Passing Ships

A novel has been likened to a journey, and that entails at least the main character starting at Point A and moving to Point Z by the end. Along with movement comes progression, or building. That’s because a reader’s identification with a character deepens the more times they appear, and if the character isn’t developing in tandem, the reader starts to lose interest. If no one is going anywhere, why am I reading this book?

Most authors readily grasp the notion of an arc, but their attention can be focused on the protagonist to the exclusion of others. In large part, that occurs because the author identifies most with the hero. Often the hero is the author at a younger age. While a singular focus can yield many riches, it can cause a problem with your supporting characters.

I rank such characters in an upper circle, and most authors can only probe a half dozen to any significant depth—that is, making them stand out to the reader. To achieve that stature, they must appear multiple times during the course of the book. Here is where the problem comes in. They may represent a fixed entity that serves as an ongoing source of conflict with the protagonist. This is particularly true of adult characters in a realistic drama. Let’s face it: how much do people change past the age of 30?

So what’s the problem? As the novel develops, the arguments and commentary that your protagonist engages in with a character that is static will after a while also become static. They fight about the same basic stuff. The protagonist’s thoughts about the character are the same. How could it be otherwise when that supporting character is fixed in their plot purpose?

To correct that, you need to devise the novel’s structure so that person is also progressing. If the character is a stay-at-home mom, for example, why isn’t she getting on with her life? If the protagonist is old enough to retain the reader’s interest, at least an adolescent, is the mother really happy to be stuck at home while the kids fly the coop? More to the point, how interesting is that character to the reader? If the mother also is on the move—taking a job, for example—then the child has new reasons to argue, new resentments to stew over. That’s all I want: new explosions.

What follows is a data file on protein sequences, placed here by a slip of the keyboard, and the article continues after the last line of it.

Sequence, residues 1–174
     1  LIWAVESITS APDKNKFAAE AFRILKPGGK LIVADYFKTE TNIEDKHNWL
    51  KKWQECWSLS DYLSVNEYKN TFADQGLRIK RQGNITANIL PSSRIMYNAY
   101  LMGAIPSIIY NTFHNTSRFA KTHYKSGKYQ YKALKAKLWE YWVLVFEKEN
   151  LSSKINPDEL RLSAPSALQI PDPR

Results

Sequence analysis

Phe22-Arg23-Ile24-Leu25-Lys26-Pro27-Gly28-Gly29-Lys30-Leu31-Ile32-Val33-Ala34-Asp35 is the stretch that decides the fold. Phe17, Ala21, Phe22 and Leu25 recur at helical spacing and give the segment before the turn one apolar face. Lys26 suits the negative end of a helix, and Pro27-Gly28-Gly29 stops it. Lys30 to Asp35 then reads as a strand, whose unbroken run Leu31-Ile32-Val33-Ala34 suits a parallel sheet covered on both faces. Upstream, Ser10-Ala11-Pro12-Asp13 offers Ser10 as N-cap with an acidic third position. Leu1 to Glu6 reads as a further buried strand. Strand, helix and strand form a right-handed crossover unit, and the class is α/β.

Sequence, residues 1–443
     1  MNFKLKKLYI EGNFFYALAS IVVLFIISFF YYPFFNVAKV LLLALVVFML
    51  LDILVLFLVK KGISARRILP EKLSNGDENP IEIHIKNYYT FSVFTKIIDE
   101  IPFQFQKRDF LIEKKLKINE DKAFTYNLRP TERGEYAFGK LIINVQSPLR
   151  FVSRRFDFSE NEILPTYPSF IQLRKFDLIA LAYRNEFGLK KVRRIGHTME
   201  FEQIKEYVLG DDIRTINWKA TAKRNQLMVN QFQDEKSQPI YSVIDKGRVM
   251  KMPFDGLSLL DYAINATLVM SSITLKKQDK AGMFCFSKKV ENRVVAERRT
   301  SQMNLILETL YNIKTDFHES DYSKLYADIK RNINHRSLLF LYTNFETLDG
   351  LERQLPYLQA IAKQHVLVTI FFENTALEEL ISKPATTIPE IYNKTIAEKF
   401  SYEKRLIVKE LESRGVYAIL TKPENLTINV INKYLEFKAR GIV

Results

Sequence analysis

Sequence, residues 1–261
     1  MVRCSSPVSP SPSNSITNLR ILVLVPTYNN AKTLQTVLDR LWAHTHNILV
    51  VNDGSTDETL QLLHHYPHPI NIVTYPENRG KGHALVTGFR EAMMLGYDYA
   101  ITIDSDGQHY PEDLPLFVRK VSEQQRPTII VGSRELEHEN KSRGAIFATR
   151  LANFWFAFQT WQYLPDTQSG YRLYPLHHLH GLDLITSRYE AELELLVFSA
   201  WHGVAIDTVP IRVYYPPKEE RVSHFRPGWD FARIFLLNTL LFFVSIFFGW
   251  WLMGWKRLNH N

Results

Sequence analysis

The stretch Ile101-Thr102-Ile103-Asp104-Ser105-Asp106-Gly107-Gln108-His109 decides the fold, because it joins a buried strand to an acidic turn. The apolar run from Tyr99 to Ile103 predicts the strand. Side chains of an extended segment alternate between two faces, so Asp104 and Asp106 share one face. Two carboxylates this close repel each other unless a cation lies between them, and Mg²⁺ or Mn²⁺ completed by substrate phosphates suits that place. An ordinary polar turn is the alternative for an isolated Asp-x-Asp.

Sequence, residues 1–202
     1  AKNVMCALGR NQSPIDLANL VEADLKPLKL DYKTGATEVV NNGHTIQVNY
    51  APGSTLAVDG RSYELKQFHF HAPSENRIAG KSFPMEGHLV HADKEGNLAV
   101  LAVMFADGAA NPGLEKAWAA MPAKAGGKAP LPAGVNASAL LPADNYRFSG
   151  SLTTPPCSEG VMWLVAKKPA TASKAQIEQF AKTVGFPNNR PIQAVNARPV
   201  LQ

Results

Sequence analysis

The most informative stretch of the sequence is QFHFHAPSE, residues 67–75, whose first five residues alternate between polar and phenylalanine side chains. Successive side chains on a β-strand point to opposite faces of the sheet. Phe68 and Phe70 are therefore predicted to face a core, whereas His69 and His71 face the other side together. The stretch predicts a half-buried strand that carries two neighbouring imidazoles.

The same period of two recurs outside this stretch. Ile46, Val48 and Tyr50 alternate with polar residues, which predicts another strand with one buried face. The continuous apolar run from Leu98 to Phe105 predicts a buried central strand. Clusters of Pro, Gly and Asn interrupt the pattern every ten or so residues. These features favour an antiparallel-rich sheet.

Exercise: Review the manuscript with an eye on only one supporting character. For each active scene they have, or interior monologue about them, write a quick summary of what it’s about. Do you start seeing that later scenes are only an elaboration on what happened earlier? Don’t change the subject of the scene. Change the position of the character so that they are developing too.

“Once you do away with the idea of people as fixed, static entities, then you see that people can change, and there is hope.” —bell hooks

Copyright @ 2021 John Paine. All rights reserved.

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Copyright © 2020 John Paine. All rights reserved.